Peña Femenina Flourishing

Leila Flores-Dueñas of Peña Femenina

 

 

 

 

 

 

 

 

 

 

“The space is there; we either take it or we don’t and someone will speak for us. All we have to do is produce; the rest will take care of itself.” – Leila Flores-Dueñas, Singer/Writer

While in New Mexico at the National Latino Writer’s Conference I had the opportunity to do mini-interviews with some of the fabulous women I met out there. All of them are doing wonderful work and I wanted to introduce them to you. One of my goals for going to the conference was to connect and build bridges for our Proyecto Latina family. The ladies profiled this week are creative, inspiring and impacting our community.

I hope you enjoy this next interview as much as I did!

During the banquet dinner I wandered away into the lobby. Suddenly, out of the corner of my eye I see this woman coming towards me like a tornado with turquoise earrings and a smile from here to the moon. She introduced herself as Leila Flores-Dueñas from Albuquerque, New Mexico. Little did I know she would be something creatively fierce and someone you need to know.  Right away I could tell Leila had sangre liviana and we started chatting right away.

Leila is a professor of education at the University of New Mexico, a children’s book writer, a singer of corridos with Las Flores del Valle, member of the Hispanic Women’s Council and Peña Femenina. By the time she got to that last part I was drooling! Her creative spirit is contagious and it was clear to me that she’s just as passionate as I am about impacting Latinas in the arts in her community.

Peña Femenina is a group of New Mexican women in the arts. They participate as part of the Women & Creativity annual, month-long series celebrating women’s creativity in all genres organized by National Hispanic Cultural Center.

According to Leila, Peña Femenina is important to her because “first of all we are multi-talented women. We have incredible power in that spirit of our grandmothers, tías y las mujeres de nuestros antepasados. They did incredible stuff and now we have access to get it out there and to let people know about our talents. I would just like to up it and want people know how incredibly talented we are. We are the ones that maintain language, culture, values, morals and stories in our community.”

One of the things that struck me about Leila was her commitment to the arts and I wondered what type of impact she wanted to make on Latinas in the arts? When I asked her she smiled and said, ”I want more women to start bringing out their talents; we need to stop hiding behind the Latino men writers and Latino men composers. We need to do it ourselves and make sure we get credit for it.”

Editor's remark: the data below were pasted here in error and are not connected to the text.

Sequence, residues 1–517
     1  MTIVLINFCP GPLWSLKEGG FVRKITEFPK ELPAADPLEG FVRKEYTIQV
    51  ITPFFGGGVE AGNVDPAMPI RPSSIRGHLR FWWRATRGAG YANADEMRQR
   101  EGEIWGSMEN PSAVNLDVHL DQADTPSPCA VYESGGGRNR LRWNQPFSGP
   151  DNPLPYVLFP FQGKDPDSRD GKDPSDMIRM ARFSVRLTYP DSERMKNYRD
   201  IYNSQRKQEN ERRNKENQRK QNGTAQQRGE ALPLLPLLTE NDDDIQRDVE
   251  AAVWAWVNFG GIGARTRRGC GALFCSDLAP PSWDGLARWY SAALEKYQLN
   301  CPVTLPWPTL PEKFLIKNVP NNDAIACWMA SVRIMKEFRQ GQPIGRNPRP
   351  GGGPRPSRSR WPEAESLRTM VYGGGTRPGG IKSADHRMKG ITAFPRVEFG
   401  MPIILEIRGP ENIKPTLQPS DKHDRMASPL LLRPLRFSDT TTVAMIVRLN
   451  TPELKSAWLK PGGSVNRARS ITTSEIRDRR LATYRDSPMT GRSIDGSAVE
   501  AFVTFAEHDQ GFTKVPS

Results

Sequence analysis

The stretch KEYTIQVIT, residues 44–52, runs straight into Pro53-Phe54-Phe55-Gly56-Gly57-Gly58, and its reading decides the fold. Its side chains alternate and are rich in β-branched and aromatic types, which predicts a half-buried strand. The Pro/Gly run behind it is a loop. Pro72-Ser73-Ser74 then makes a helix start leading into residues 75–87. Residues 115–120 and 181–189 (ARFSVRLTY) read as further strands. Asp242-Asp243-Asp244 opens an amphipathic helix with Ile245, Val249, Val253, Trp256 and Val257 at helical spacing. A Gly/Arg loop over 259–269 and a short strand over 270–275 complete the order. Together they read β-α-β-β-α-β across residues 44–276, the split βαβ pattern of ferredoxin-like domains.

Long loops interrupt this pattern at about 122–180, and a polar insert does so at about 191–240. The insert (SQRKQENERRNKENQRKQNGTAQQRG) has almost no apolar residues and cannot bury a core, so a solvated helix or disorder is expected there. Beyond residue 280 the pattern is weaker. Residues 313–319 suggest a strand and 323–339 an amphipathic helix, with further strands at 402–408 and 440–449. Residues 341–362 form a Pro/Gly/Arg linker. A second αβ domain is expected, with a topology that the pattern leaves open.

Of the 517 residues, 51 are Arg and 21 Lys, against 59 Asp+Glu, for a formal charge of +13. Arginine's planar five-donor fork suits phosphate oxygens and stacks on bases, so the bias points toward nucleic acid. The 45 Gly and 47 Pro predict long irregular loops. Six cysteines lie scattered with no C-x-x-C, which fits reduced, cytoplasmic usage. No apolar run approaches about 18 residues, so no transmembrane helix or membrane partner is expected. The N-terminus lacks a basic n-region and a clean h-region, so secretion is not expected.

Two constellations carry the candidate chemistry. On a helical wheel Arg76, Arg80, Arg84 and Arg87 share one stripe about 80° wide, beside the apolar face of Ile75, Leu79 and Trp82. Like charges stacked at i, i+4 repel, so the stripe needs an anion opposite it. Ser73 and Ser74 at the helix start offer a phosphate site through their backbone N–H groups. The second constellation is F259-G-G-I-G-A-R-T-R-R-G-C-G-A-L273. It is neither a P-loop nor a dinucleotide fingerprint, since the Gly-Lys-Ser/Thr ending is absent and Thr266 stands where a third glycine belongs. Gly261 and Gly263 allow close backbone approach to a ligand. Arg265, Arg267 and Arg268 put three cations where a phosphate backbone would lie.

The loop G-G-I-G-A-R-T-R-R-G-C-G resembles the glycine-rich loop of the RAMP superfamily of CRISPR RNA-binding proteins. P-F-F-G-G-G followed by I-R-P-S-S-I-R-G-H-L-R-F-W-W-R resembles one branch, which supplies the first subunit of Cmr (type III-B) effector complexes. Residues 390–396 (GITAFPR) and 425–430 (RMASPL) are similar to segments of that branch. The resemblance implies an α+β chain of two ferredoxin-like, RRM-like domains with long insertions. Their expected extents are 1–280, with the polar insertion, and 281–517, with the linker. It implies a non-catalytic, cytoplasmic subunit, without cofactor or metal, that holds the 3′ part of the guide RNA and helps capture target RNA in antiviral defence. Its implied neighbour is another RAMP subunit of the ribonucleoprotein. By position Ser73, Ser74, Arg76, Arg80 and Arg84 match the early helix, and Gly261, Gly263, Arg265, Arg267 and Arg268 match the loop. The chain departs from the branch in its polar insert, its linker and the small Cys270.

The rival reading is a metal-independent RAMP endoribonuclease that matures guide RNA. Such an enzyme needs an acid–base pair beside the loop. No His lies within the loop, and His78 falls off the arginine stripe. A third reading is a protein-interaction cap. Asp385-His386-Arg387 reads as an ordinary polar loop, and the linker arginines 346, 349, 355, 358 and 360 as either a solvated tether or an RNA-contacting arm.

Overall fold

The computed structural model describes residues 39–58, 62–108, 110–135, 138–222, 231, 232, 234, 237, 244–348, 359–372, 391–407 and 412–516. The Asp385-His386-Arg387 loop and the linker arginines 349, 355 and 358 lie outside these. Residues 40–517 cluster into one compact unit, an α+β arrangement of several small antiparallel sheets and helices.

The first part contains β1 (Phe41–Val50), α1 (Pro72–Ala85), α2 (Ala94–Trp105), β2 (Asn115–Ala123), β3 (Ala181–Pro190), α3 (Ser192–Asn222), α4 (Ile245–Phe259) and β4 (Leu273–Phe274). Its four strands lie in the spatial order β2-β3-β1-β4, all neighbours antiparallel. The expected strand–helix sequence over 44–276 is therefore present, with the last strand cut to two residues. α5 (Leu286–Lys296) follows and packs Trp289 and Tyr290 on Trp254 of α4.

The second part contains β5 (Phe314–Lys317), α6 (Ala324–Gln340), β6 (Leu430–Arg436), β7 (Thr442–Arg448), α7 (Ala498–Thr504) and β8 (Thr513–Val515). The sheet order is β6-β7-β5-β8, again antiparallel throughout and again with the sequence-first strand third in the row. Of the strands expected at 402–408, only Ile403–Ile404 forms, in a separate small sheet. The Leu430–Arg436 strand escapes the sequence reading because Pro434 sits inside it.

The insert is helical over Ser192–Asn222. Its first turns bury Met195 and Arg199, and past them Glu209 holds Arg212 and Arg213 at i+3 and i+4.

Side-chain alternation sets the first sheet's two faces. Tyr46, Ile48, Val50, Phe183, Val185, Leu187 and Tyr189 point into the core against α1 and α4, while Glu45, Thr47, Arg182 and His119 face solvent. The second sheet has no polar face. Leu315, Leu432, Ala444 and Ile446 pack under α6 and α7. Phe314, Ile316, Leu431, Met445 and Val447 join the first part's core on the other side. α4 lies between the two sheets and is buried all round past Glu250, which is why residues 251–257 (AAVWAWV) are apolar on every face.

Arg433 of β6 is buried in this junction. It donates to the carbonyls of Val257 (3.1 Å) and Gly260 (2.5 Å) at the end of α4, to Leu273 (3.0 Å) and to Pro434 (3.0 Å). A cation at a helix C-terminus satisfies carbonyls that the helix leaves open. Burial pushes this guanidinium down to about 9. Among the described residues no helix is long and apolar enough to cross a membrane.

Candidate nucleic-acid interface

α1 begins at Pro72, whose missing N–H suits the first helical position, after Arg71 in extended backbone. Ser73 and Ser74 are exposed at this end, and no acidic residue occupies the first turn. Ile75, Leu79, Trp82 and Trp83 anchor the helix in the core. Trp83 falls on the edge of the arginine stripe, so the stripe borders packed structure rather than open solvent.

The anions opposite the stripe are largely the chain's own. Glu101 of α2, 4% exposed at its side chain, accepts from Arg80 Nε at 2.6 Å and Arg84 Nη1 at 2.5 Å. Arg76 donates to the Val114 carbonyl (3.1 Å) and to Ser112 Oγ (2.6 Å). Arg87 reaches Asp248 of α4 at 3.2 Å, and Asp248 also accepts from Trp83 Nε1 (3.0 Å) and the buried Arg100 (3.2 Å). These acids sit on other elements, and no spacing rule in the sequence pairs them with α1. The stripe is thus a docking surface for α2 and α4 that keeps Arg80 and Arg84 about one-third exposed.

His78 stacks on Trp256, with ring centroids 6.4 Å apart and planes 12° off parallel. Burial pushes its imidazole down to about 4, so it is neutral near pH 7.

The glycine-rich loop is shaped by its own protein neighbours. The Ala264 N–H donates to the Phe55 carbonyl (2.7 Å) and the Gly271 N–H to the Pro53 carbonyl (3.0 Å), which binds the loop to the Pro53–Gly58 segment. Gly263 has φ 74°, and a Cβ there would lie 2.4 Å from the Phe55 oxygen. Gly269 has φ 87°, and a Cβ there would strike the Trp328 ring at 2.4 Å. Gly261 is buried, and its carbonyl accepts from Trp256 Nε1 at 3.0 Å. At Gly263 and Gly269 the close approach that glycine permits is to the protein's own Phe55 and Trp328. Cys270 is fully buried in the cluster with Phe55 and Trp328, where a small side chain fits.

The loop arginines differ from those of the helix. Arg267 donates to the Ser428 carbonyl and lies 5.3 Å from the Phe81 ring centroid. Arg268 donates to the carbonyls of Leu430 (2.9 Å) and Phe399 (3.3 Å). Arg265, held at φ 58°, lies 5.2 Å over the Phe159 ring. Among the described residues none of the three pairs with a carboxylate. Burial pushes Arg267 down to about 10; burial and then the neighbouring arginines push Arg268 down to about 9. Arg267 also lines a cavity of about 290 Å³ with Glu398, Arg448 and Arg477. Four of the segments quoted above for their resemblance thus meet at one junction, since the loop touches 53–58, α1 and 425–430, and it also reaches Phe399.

She mentioned some popular corridos, were originally written by women, who were literate, but never got credit for them. Another example she gave was that Dolores Huerta. She was a big part of the Farm Workers movement negotiating contracts, lobbying for and against several California and Federal laws and there is no Dolores Huerta Street in Albuquerque, New Mexico.

“With technology and globalism we have opportunity and we should seize the moment. We need to make people understand that there is strength in the women of our communities. That’s my goal whatever form that takes whether it’s putting on a show to say here we are”, says Leila.

At Proyecto Latina we spend a lot of time cultivating and encouraging Latinas to tell their story with an emphasis that if you don’t tell your story someone will tell it for you. It’s a quote I first heard from Sandra Cisneros that has been my mantra ever since.

During dinner I had even mentioned it to writer Lorena Hughes so when Leila said, “it’s time to recognize who we are and whether we are writing books or blogging we are recording our history. If we don’t tell it someone else will do it for us” it gave me goose bumps and was the twilight zone moment of the interview.

We both laughed because we were on the same wave-length and that’s when she said, “The space is there; we either take it or we don’t and someone will speak for us. All we have to do is produce; the rest will take care of itself.

Personally, I’m looking forward to building bridges between Proyecto Latina and our hermanas of Peña Femenina to work and continue to advance Latinas in the arts.

Finally, as Leila would say “we need to step it up y Horale.”

If you enjoyed this profile let us know in the comment section.

Connect with Leila Flores Dueñas at lflores@unm.edu

Listen to an audio interview that we did with Sandra Cisneros

Become a fan of Flores Del Valle

Listen to an interview that we did with Dolores Huerta

Learn more about the Women and Creativity Series

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